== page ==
Q: Great stuff, Colleen! Hope you don't mind if all of us copy and paste your ideas into our parent emails and conversations! Checking out your Webinars now. Thanks for all the supportive material!!  - M.L

 

A: I don't mind if you use my verbiage if you teach The Mayron Cole Piano Method! --Colleen

 

Q: Thank you, thank you!! The Mayron Cole method has always been, and continues to be, so supportive to their teachers. - M.L.

 

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Teaching Different Levels in the Same Group Lesson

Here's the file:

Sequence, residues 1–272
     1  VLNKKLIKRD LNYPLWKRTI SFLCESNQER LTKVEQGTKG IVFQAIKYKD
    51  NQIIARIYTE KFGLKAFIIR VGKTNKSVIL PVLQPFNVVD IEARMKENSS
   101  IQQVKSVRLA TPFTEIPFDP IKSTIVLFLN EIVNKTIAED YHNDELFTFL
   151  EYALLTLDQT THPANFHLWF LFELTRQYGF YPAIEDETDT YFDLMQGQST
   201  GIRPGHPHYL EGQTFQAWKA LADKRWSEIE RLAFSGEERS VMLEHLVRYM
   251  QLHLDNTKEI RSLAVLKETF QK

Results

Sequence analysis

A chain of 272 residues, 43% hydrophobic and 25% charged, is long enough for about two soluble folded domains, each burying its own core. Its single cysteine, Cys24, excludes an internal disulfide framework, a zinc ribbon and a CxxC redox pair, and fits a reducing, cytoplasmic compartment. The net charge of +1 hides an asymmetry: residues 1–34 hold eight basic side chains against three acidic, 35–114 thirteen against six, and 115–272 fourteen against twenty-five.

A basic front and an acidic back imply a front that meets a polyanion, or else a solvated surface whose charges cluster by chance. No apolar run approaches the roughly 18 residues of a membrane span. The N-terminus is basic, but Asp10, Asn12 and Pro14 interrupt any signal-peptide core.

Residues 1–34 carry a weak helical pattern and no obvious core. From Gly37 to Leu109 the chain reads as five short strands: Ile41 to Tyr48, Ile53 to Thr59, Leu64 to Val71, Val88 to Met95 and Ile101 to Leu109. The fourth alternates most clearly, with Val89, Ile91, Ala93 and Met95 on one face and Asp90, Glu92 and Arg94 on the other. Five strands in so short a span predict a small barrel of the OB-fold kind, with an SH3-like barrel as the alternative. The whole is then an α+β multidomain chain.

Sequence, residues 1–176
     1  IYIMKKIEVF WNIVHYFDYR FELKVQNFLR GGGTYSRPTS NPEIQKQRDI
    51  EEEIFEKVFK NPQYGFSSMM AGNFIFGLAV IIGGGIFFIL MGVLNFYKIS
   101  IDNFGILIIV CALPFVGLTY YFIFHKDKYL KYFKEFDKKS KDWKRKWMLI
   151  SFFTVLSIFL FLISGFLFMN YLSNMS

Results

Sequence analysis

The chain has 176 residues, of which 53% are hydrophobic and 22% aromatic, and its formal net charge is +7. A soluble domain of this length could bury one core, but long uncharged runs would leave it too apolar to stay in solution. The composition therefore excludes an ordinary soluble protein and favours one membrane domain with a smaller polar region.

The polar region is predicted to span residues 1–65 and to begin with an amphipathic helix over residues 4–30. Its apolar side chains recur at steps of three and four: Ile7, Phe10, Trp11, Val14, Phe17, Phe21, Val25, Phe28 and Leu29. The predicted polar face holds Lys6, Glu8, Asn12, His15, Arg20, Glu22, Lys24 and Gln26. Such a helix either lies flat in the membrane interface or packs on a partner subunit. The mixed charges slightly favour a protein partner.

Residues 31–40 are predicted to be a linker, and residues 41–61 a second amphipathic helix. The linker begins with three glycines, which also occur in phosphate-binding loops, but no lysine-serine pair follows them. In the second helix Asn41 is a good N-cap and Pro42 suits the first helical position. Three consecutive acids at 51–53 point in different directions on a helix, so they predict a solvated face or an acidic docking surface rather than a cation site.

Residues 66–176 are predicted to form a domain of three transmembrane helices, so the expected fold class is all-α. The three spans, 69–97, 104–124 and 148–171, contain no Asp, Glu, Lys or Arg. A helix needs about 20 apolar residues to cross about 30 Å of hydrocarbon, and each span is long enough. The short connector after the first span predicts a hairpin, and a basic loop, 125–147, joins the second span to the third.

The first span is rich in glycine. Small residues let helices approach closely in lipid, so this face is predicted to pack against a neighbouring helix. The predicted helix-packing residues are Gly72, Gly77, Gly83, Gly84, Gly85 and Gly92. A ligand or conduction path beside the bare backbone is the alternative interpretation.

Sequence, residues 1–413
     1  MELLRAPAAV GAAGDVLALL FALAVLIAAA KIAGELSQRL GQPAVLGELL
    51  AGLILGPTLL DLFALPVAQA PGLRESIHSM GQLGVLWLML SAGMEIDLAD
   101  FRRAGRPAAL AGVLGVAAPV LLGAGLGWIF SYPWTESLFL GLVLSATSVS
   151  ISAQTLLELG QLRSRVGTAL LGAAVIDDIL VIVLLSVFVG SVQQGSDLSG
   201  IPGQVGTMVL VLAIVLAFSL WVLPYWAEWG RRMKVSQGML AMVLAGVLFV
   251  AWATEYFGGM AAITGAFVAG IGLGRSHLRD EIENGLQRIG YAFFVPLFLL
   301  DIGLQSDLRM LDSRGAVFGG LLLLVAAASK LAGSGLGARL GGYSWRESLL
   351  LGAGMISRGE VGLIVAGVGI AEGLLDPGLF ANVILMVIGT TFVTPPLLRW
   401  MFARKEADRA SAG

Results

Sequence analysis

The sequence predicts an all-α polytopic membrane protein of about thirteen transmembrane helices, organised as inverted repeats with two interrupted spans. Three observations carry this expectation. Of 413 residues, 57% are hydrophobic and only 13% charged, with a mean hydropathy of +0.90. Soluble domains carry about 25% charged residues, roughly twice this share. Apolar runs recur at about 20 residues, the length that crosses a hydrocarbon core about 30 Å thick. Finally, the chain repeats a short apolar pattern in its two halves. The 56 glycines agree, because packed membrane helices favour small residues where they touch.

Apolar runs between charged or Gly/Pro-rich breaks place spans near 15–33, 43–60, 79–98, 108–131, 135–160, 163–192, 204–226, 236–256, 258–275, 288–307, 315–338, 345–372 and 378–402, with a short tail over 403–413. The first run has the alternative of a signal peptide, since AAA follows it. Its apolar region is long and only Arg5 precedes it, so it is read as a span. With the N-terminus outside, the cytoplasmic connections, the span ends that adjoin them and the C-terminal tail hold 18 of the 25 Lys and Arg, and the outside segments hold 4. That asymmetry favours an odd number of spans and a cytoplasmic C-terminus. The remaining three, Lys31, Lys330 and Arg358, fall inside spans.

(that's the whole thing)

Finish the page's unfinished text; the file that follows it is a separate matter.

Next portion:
Q: I am seriously thinking of turning my studio of 81 private students into a group format. I have a waiting list and have been thinking of hiring another teacher, but groups will allow me to cut down a little bit on my crazy hours, yet still take on more students. I also follow (some other method) who also went from private to a group format. But (some other method) groups are a different set up than any of the others. (Some other method) actually has different levels in the same group and rotates around the class to instruct them privately. I would really love to hear some opinions about this set up. - M.P.